Fan – luxurious necessary thing
Fans were a sign of the wealth and authority of the owner.
The historians believe that the first fan appeared in China. Mentions of these things are found in the works of ancient Chinese poets, dating back to the second millennium BC. During the excavation of the grave of the principality of Chu fragments of fans made of feathers with a wooden handle were found. Similar findings refer to the Eastern Zhou Period (770-256 BC).
In the III century BC, Chinese fans had a semi-circular shape. They were made mainly of thin bamboo plates. Later, the masters began to make round paper fans on the handle. In the I century, the Chinese presented several such fans to the Japanese emperor.
Japanese masters created a folding fan of wooden plates and strong paper. In 988, Japanese monks presented the Emperor of China with two fans in the form of a bat and twenty other colorful folding fans.
During the Chinese Sui and Tang Dynasties (581-907) round fans appeared. They were made of bamboo or wooden plates and fine woolen cloth. But after the gifts of the Japanese there was a fashion for folding fans, which were constantly improved. Masters began to use gold, jade, ivory, turtle shell, animal horns, sandalwood and bamboo.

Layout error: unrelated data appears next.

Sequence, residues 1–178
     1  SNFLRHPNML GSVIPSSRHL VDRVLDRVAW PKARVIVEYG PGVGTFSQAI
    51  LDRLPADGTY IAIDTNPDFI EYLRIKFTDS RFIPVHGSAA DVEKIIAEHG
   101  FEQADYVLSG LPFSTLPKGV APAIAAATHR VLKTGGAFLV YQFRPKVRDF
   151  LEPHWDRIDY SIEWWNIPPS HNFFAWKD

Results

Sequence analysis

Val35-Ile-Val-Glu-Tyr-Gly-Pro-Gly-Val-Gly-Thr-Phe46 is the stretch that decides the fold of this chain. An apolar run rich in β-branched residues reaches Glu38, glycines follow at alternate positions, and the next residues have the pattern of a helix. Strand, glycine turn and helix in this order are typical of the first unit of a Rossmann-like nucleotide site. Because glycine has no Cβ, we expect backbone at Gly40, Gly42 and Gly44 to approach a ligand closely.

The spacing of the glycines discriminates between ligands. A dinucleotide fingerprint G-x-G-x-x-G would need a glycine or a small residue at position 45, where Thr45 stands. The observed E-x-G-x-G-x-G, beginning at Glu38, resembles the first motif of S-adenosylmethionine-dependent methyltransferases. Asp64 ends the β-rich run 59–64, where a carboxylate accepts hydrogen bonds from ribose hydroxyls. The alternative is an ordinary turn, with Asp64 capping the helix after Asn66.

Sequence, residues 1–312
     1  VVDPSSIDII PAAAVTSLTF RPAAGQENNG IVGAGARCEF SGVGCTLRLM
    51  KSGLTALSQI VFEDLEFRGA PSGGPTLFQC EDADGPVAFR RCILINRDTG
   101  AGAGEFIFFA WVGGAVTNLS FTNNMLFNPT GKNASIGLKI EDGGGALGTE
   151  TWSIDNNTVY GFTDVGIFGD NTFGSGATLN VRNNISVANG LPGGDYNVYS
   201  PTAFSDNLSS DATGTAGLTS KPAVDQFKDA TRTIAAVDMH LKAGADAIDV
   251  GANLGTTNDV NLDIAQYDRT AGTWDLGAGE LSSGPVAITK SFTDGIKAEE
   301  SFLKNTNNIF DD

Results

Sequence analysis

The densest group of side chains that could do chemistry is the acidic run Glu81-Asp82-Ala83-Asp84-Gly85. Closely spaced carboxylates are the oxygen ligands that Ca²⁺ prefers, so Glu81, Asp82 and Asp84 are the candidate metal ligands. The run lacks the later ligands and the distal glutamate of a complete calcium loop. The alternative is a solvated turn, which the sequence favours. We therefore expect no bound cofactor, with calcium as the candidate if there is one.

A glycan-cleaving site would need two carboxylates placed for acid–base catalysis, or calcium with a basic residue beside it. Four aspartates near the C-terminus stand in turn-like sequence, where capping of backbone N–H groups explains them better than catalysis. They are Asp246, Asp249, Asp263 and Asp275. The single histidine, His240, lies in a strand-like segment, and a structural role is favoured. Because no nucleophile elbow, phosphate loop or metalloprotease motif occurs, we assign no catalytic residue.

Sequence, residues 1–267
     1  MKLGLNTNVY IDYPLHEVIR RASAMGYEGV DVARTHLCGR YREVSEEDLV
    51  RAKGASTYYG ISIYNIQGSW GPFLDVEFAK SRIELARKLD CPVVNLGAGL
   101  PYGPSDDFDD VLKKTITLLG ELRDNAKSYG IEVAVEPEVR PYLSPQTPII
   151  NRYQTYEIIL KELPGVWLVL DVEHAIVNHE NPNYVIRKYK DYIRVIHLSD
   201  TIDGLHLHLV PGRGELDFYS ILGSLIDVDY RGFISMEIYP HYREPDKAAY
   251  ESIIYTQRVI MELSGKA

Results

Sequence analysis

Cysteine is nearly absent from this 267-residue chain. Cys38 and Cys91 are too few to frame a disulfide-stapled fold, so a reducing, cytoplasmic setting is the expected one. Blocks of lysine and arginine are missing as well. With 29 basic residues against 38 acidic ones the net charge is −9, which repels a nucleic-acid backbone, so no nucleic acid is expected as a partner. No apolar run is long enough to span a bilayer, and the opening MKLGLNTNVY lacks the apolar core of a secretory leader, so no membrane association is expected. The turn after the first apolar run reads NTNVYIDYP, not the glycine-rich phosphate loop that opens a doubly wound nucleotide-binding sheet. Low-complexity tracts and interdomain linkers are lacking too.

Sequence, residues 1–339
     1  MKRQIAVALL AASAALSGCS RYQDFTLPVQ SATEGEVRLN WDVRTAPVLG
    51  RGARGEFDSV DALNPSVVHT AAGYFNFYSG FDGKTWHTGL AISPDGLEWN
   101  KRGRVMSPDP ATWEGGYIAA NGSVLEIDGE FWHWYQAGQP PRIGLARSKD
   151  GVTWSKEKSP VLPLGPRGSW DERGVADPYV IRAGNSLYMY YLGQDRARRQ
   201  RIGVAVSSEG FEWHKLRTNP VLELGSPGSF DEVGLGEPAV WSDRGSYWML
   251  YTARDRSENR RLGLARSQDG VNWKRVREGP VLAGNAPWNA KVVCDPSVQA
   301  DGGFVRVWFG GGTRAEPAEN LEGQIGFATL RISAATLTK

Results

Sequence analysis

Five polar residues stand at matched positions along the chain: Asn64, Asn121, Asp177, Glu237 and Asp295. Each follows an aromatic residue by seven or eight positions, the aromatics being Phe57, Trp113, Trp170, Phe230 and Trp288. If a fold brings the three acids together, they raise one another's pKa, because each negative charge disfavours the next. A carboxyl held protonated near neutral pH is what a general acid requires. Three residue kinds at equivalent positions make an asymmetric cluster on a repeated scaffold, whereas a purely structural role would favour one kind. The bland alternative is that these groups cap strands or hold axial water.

During the Ming Dynasty (1368-1644) the masters were engaged in carving on fans. They depicted mountains, rivers, flowers, birds and animals, as well as portraits. Another direction was skillful calligraphy. In Japan, Korea and China, the fan was also used as a weapon.
The aristocrats in Ancient Greece and Rome also used fans made of leaves and peacock feathers. Flabellum was a fan on the long handle in Rome. In Byzantium, the fan was used in the church service, in order to drive the flies away the Holy Gifts.
In the XVI century, people began to bring fans from Asia to Europe. The East India companies, founded in the beginning of the XVII century, began to import many elegant Chinese fans. Very soon fan masters appeared in Europe. European fans were made of silk, leather, parchment, paper. A carcass was made from mother-of-pearl, decorated with engraving or painting.
Not surprisingly, the fan became an element of palace ceremonies. Thus, at the court of Louis XIV the ladies could open the fan only in the presence of the queen. In the middle of the XVIII century, the fan from the fashion accessory became a “transmitter” of love messages.
So, if a woman touched her heart and lip with an open fan, for a man it meant: “You are my ideal.” If she touched her left cheek with the folded fan, then the gentleman could leave all hopes. “The language of the fan” proved to be very popular, because it allowed you to communicate without compromising messages. There was even a saying in France: “A fan in the hands of a beauty is a scepter for owning the world.”